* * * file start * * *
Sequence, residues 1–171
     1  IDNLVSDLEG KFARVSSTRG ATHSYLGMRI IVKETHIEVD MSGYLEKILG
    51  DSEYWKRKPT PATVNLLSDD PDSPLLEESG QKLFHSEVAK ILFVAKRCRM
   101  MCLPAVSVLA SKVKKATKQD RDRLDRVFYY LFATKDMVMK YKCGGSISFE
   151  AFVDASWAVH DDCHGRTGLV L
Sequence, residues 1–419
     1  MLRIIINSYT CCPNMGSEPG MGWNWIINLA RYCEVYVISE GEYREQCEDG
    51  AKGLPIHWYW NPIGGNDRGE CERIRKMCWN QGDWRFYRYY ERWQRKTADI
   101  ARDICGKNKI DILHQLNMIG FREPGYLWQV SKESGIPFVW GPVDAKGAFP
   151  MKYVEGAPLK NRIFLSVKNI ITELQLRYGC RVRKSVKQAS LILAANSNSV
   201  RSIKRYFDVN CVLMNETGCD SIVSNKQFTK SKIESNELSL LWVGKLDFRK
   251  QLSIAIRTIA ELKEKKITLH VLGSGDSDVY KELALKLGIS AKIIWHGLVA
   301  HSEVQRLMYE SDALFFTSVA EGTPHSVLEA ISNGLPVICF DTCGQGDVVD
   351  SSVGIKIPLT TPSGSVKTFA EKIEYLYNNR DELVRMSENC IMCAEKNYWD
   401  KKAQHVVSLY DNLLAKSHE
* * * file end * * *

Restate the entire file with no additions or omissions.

Sequence, residues 1–171
     1  IDNLVSDLEG KFARVSSTRG ATHSYLGMRI IVKETHIEVD MSGYLEKILG
    51  DSEYWKRKPT PATVNLLSDD PDSPLLEESG QKLFHSEVAK ILFVAKRCRM
   101  MCLPAVSVLA SKVKKATKQD RDRLDRVFYY LFATKDMVMK YKCGGSISFE
   151  AFVDASWAVH DDCHGRTGLV L
Sequence, residues 1–419
     1  MLRIIINSYT CCPNMGSEPG MGWNWIINLA RYCEVYVISE GEYREQCEDG
    51  AKGLPIHWYW NPIGGNDRGE CERIRKMCWN QGDWRFYRYY ERWQRKTADI
   101  ARDICGKNKI DILHQLNMIG FREPGYLWQV SKESGIPFVW GPVDAKGAFP
   151  MKYVEGAPLK NRIFLSVKNI ITELQLRYGC RVRKSVKQAS LILAANSNSV
   201  RSIKRYFDVN CVLMNETGCD SIVSNKQFTK SKIESNELSL LWVGKLDFRK
   251  QLSIAIRTIA ELKEKKITLH VLGSGDSDVY KELALKLGIS AKIIWHGLVA
   301  HSEVQRLMYE SDALFFTSVA EGTPHSVLEA ISNGLPVICF DTCGQGDVVD
   351  SSVGIKIPLT TPSGSVKTFA EKIEYLYNNR DELVRMSENC IMCAEKNYWD
   401  KKAQHVVSLY DNLLAKSHE